3. Integrated veggies. Although I am NOT advocating hiding, often it is easier to begin eating vegetables when they are mixed in with other foods. This could be grated into a mince dish or a quiche, for example or it could be pureed into a sauce for pasta or pizza. Drinking is often easier than eating so blending into a smoothie can work too.
Avocado can be a winner on its own, but also mixes magically into smoothies, mousse and cake mixture.
Whether this is traditional dairy or a substitute, often the fatty, filling result is a win for a fussy eater.
1. Yoghurt. Although it’s a perfect breakfast or snack, it’s also a great dip. It can be a good way to encourage eating of other foods too.
Blending into smoothies is an obvious choice, but it can also be cooked into sauces or stirred into a muffin mixture.
Don’t forget frozen yoghurt, fabulously ice cream-like.
2. Cheese. Often a big favourite for picky eaters. We can cut, grate, or do slices. It is perfect on a skewer or cocktail stick and matches well with many other foods. What about cheese sauce?
Can we melt it or introduce a slightly new cheese?
These are often a win for picky eaters, so I won’t spent too much focus here. What I would recommend though, is using these favourites to support a child to take a mini step in a new direction:
1. Bread. If we have a child who is OK with bread can we do:
Toast, rolls, slightly different bread, crumpets, croissants, bagels, French stick or muffin splits?
2. Crackers. If we are OK with one cracker can we try a new flavour for that cracker or a slightly different brand, shape or texture?
3. Potatoes. These are of course vegetables, but I think fit better here. Chippies are often accepted by picky eaters, as are hot chips. If this is the case, what other types of potato products can we try?
If regular chippies are OK, what about corn chips or veggie chips?
4. Biscuits, cakes and muffins. I am always excited when a child is happy eating baked goods. It opens so many potential doors. Firstly, it is easy to add nutrients to baking and secondly, branching out can be easier.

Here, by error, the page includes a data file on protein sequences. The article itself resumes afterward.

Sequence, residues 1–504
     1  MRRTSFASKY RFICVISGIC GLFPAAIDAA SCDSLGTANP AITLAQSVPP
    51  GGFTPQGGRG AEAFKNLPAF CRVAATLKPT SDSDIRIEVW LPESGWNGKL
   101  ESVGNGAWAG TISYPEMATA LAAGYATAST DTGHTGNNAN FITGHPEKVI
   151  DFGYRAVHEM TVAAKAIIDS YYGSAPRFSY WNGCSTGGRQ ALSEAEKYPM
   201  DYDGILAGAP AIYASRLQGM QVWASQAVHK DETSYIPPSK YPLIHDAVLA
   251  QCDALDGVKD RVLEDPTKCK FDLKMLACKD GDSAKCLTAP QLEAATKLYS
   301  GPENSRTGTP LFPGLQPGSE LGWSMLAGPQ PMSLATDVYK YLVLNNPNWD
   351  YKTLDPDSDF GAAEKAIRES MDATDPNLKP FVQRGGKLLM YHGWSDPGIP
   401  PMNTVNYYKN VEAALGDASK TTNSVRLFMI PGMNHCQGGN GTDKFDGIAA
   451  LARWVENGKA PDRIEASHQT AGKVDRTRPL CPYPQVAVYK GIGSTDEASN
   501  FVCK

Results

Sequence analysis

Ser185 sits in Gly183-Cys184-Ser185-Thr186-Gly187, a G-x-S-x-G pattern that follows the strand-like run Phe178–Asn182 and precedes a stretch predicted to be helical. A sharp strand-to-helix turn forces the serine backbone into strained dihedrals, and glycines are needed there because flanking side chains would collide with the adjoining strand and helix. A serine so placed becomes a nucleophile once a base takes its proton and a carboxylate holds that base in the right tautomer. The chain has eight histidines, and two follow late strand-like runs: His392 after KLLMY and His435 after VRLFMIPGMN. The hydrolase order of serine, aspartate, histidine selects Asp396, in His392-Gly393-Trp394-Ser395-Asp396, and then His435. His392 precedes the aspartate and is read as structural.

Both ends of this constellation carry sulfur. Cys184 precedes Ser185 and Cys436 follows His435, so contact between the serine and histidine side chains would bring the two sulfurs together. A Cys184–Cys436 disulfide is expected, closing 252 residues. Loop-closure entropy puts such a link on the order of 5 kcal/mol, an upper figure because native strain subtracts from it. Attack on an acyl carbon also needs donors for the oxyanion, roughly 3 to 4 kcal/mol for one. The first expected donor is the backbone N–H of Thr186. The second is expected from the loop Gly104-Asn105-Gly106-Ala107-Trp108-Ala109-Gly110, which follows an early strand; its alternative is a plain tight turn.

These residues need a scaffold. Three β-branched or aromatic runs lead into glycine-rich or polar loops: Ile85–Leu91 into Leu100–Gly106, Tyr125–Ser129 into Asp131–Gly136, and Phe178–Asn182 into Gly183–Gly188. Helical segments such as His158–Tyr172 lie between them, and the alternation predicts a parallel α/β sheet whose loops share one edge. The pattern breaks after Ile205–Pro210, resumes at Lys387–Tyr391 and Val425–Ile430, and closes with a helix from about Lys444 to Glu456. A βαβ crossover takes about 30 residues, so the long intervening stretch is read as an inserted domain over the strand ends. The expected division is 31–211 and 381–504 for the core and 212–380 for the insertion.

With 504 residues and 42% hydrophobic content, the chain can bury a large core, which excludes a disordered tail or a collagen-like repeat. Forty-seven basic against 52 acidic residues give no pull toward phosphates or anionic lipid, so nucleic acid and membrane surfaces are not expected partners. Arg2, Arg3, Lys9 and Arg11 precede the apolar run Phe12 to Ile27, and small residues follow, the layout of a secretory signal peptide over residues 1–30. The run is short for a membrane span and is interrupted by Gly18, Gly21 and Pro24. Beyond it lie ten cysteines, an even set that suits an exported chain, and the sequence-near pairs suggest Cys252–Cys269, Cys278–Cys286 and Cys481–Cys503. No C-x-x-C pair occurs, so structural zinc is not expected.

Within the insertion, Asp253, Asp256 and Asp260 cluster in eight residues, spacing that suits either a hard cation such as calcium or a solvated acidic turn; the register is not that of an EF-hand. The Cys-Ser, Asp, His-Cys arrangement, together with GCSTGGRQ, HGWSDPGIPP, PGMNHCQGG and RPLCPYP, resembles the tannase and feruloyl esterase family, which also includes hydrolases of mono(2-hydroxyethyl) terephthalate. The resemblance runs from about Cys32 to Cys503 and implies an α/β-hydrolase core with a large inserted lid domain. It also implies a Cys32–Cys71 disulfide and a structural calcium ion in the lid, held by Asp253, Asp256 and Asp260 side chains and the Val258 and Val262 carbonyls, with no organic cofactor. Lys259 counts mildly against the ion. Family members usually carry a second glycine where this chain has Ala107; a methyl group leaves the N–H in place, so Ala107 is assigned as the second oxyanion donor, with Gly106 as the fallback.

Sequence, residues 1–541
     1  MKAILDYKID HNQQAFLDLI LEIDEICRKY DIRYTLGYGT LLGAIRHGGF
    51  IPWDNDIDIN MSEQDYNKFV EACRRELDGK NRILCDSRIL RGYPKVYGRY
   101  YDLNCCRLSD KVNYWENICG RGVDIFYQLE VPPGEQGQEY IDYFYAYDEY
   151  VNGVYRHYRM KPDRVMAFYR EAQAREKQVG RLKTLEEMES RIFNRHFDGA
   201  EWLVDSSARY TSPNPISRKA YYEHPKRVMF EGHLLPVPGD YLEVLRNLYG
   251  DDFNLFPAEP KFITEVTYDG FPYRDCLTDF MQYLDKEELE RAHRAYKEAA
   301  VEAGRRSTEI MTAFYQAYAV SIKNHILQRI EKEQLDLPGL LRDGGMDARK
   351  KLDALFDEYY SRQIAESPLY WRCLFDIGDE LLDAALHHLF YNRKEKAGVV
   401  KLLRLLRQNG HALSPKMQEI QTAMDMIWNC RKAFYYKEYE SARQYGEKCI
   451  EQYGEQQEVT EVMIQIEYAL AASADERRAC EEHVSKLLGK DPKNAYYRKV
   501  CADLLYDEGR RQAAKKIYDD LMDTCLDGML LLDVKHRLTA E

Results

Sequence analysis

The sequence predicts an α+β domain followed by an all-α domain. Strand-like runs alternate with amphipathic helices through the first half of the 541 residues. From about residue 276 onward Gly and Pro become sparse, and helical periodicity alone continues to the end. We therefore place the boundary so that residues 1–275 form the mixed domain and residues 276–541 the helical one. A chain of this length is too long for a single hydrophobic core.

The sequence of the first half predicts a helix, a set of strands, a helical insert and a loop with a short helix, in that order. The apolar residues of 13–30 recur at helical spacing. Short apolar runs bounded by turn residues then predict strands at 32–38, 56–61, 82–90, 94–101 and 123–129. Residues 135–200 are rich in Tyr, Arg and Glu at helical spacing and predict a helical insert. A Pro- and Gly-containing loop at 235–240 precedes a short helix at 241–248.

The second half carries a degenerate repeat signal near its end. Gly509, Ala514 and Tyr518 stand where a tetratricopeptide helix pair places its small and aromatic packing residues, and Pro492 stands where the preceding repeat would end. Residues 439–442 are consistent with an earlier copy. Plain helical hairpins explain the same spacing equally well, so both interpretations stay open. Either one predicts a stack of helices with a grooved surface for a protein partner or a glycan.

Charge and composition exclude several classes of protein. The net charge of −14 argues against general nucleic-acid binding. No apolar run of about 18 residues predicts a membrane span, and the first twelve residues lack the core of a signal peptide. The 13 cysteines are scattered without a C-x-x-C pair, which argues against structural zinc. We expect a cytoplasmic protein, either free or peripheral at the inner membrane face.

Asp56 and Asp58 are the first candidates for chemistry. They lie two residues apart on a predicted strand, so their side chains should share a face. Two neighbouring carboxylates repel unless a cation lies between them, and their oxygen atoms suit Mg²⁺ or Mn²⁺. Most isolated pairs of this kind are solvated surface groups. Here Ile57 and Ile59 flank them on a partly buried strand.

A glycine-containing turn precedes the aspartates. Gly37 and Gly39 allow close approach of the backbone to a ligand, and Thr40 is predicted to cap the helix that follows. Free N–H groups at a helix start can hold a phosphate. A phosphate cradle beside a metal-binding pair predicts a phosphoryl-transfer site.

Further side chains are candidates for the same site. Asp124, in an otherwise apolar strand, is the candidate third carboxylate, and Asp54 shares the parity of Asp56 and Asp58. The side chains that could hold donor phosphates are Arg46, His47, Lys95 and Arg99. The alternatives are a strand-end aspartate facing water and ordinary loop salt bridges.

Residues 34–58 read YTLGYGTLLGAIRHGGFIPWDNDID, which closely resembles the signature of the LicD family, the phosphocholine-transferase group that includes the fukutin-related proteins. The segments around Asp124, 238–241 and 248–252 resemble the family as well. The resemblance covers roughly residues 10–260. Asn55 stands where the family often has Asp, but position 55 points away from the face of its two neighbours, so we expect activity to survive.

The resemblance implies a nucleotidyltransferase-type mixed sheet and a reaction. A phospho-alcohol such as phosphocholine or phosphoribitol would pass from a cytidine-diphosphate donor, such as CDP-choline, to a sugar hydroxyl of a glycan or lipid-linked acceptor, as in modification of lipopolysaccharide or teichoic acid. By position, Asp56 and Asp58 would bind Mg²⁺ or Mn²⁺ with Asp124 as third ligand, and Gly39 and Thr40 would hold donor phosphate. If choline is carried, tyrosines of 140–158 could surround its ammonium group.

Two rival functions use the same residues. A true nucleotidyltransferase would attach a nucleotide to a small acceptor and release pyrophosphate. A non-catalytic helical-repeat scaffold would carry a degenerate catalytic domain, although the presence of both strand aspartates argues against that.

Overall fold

Don’t think how can I stuff zucchini into a muffin, think, how can I gently expand what my child eats by offering them a slightly different version of an accepted food.
Although a biscuit may not be top of the nutritional tree, having a home-made Anzac is the perfect way to introduce oats into the diet, for example.
5. Nuts and seeds. Nuts can be a win as they are crunchy and dry, like the favoured crackers. If not on their own we can use them as a flour substitute in baking.
Mixing and matching
Even if your child has a very limited diet, it can be expanded by concentrating on the foods they do eat but in a different context, or matched with other foods. All of this is great learning for our child and also starts to expand our serving and their eating options!
If you are struggling to support your child to eat new foods, please check out the new program: https://theconfidenteater.com/complete-confidence-program/
Judith is mum to two boys, a tween and a teen and is the author of Creating Confident Eaters. My dream is that every child is able to approach food from a place of safety and joy, not fear.
I delight in showing parents how to get picky eaters eating in simple, gentle, practical steps that anyone can master. I graduated from Cambridge University and have qualifications in nutrition, parent education and am a trained telephone support worker for ParentHelpline. I am currently working towards qualifying as a psychologist. I would love to understand more of the “why” behind fussy eating and to eventually spearhead research in this area.
Learn more about Judith here: https://theconfidenteater.com/about/